In Elder William H. Bennett's 1971 Conference talk, "Help Needed in the Shaded Areas," he compares color blindness to a person who is seeking truth, but will not humble himself, exercise faith, or live the gospel. You might expect that a conference held that long ago would be largely irrelevant, but of all the talks that day in Conference, this was one of two which I needed to read.
Because in many ways, I am in my very own "shaded area." The magic numbers hidden in the shaded area are the promised blessings we get for being righteous and doing the right thing.
Religion and faith to me has largely meant fighting to hear and understand the Lord's will for me. It's been a struggle to learn submission, to understand my place in God's plan, if any. I have placed that struggle, that fight to submit, at the center of my life. I'm not any better at it than anyone else, but I thought I knew what it meant to be in tune, to hear the voice of the Lord, and to be His disciple. It was a feeling of warmth for me, a brief sense of belonging...of sudden balance. Like the sparkle of sunlight through storm clouds, or the thrill of sliding on a sled after tugging it up the steep hill.
I am certainly "anxious to develop a strong testimony," but I find that the testimony I hear in Church doesn't resonate. It does not align with my experiences. I no longer believe in the promise that "all will work out" if I have faith, because it didn't. And, if my story is like Job's in the promise of increased future blessings, I doubt any number of (highly improbable) new children can drown my grief for the old which are lost. I'm not a man. It doesn't work that way for me.
I still have faith in God, there is no doubt of that. And my life is so much more joyful than it was when I had the challenges of my marriage to endure. But I do not believe in His predictability, nor do I have any expectation of blessings. I can't see the magic numbers in the shaded areas that everyone else seems to see. I've gone colorblind, with only the memory of color differentiation to tell me it's not a lie.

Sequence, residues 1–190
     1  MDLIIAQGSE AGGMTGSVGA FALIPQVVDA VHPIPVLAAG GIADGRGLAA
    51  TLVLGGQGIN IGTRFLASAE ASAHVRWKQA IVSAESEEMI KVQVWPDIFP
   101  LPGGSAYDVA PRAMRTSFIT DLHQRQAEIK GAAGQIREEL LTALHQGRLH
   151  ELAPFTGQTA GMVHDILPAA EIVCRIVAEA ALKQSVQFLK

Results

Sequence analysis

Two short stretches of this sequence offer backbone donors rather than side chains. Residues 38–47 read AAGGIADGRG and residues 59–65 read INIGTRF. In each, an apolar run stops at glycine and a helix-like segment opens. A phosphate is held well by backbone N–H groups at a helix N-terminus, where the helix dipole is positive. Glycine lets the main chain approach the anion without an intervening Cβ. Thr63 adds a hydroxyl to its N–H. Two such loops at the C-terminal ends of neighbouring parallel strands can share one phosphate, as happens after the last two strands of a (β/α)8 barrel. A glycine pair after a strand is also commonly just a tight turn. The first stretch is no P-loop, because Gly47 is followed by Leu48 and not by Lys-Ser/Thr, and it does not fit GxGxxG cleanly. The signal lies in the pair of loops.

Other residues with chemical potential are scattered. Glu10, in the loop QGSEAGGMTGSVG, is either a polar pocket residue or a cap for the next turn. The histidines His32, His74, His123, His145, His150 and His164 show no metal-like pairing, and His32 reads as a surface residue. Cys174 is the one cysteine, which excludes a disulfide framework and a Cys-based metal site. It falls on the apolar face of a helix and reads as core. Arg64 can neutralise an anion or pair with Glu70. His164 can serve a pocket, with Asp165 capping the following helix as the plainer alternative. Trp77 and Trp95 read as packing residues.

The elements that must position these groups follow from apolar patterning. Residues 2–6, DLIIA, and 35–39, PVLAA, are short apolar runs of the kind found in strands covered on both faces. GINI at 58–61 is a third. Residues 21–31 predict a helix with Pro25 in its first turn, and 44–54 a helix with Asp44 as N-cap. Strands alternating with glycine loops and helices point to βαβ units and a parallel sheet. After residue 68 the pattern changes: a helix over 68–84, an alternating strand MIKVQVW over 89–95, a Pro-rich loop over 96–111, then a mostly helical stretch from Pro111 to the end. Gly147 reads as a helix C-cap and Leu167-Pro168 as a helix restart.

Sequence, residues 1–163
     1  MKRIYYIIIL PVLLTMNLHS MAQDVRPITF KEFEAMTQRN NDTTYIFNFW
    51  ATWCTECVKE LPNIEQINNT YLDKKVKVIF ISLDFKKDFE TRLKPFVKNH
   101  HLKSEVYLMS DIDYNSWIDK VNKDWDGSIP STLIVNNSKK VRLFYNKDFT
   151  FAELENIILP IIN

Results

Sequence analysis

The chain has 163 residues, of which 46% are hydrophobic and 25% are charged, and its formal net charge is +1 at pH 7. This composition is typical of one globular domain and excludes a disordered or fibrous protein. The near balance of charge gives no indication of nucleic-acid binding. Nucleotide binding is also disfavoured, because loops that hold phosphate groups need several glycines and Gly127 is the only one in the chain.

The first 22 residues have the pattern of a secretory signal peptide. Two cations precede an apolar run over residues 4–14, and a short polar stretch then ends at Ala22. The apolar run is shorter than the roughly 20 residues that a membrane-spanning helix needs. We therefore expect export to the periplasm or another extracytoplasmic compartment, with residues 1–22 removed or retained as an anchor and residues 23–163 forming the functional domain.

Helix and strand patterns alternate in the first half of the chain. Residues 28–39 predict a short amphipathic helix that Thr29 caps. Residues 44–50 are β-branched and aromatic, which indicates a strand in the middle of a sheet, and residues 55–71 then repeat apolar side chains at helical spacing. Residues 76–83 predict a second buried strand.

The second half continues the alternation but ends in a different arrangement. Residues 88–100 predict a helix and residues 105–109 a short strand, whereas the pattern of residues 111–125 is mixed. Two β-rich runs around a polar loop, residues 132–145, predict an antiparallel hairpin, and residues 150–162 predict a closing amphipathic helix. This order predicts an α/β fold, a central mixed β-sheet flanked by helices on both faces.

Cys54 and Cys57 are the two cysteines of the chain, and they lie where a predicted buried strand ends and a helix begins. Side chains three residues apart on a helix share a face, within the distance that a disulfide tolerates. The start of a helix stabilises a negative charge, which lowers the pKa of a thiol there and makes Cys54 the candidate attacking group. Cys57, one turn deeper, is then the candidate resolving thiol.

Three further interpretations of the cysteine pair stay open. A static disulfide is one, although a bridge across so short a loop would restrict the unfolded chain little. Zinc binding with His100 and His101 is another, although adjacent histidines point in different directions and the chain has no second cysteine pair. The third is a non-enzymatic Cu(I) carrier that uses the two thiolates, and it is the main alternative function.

It is almost that blessings are irrelevant to what I will do, irrelevant to my faith. I can believe the numbers are there in the shaded areas, even if I no longer see them. I believe that God loves me, and wants what is best for me, but I do not believe I have any idea of what that will be.
Sometimes, I do feel angry at the loss of clarity that I had. I miss being able to see the blessings and proceed with confidence in what will happen if I make the best choices I can make. But for the most part, I have learned to be content with not knowing. Counterintuitively, I have found that as I have lost clarity in the effects of discipleship, my faith has deepened. I have become, I hope, more patient and humble, and willing to submit to anything the Lord wishes of me.
Elder Bennett says, "As we journey along through life we, as individuals, come in contact with many shaded areas, twilight zones, and even dark alleys, where we, unless aided by a higher power, are not able to see clearly, to interpret correctly, and to come to sound conclusions."
But I have found that often, even aided by a higher power, that aid does not come in the form of clarity, understanding, or sound conclusions. Sometimes, for whatever reason, we are to fumble blindly through parts of our mortal life, unable to feel the sense of God's help or presence. In those moments, we are faced with a choice of whether to stop or to go on, trusting that what was once seen is still there, and what was once known is still true.
"As individuals, we have some limitations when it comes to our understanding of things as they really are. We can see so far, and then the earth and the sky come together, so to speak, and we cannot see beyond. But there is something beyond."
We are not always given clarity to see past our normal scope. Sometimes, there is no way to "improve our vantage." But I have found that I don't have to. Christ has the vantage I don't, and if he should guide me through marshes and wastelands, I trust it will "be for my good" and give me the experience I have begged for: to learn to be like Him and His Son.